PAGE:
With all due respect to creaters and cinematographers, we appreciate your uniqueness. We understand you are artists with visions to convey and take great pride in them. You go to a sports bar and want to reach up to the set and turn off judder/blur? Why would you be compelled to turn off a process that enhances realism out of sheer disgust? Again, with all due respect, you sound like a spoiled child stamping his feet to get his way because self expression revolves around you, the center of the universe. Do that in reality and a bouncer will escort you to the door quicker than you can burp that last swig of beer.
The ball is thrown. He was in. No he was out. Without being there and seeing with our own eyes, we'll never know. Let's wait for the instant replay. Darn it, it's not clear! They have judder and blur turned off. It's up to what the ref saw. This game is rigged. Naw, it's just being presented as the league intended.
Their coming around the final turn, neck and neck. This is going to go all the way to the wire. Who won? Don't know, wait for the photo finish. Well, what did it look like to you? Don't know, that dude reached up and turned off smooth motion. Looks great though eh?
After reading further comments here, my thoughts wander. You've turned on interpolation motion enhancement and see things much clearer. Now you see apparant green screen scenes. You see obvious props. You notice things from the vhs/dvd/blu-ray days you never saw using your older display now that you've upgraded to 4k. The things you see now, you weren't/aren't supposed to see. These are production flaws. You can't stand it. The reality makes your eyes bleed. You discover your favorite actress has developed crows feet and the make-up didn't quite cover them up. You're furious. She's furious. You never saw that before. The algo guess work is clearly adding false information to those additional frames. You are told realism is bad and definately not how the creator intended it. You prefer the grain of film vs video to cover up those flaws, to set a mood and bring out artistic value. The bad guys spurs clank when the saloon doors swing open. He's a villin and that sob's name is SOE. You know exactly how to deal with him and bring your favorite actress back to life.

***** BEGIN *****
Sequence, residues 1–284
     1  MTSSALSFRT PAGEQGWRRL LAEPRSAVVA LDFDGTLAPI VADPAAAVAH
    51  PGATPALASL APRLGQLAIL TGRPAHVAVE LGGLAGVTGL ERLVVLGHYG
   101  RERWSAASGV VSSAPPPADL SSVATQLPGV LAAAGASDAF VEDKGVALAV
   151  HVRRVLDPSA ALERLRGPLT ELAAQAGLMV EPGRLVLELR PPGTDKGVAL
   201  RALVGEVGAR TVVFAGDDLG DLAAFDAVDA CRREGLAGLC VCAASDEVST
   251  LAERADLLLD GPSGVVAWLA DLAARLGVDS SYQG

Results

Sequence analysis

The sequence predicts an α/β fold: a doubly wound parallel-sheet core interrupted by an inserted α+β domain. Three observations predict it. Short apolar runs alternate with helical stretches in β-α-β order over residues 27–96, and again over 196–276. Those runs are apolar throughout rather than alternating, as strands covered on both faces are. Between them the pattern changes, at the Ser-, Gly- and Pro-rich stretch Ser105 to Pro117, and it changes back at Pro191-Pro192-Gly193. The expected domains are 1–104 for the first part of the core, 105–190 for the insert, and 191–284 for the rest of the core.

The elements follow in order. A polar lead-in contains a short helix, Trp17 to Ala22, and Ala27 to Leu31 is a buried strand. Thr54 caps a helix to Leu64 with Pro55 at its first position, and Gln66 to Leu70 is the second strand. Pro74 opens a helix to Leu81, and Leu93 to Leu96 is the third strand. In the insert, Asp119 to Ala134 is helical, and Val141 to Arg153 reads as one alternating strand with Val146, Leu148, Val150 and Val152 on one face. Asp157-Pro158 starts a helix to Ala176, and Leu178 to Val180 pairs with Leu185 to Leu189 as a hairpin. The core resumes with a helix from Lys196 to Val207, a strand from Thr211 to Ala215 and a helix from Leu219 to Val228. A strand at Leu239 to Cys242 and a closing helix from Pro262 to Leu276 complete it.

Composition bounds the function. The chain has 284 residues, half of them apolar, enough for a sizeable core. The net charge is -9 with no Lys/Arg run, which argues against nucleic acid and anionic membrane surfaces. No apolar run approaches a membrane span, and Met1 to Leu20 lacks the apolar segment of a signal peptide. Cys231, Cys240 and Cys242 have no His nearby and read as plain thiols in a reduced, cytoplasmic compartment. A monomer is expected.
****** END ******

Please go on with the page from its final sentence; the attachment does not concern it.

I get this feeling when a scene is/was shot, someone's standing there on the set looking around exclaiming how unconvincing the scenario mock up looks. Someone else taps them on the shoulder and says, not a problem. They'll never decipher it by the time it's on the screen. But then, we do. Disaster scenes don't look like disasters. They look like debri has been cleverly placed one piece at a time. Those bloody scenes of past that stick in your childhood memories were meant to do exactly that. Now that you view them more clearly today, they are laughable. Blood doesn't look like blood and that chainsaw doesn't have teeth on it. I can understand from these perspectives how motion processing/SOE could be unsatisfying.
I think some of this is part of the SOE complaint. You want to be fooled. When you aren't, you've been robbed of how the experience was intended. Perhaps low budget productions suffer the most and are the first to line up and convince you to blur your vision to get the full experience? I prefer to keep it real and look out a fog free window for exactly what the source actually is even if my display has to guess. That rapid frame machine gun pan is far from "acceptable". It's an insult to my eyes. I want to feel like I'm standing on the set when I'm viewing my display. Not in some drug induced coma that seperates fantasy from reality.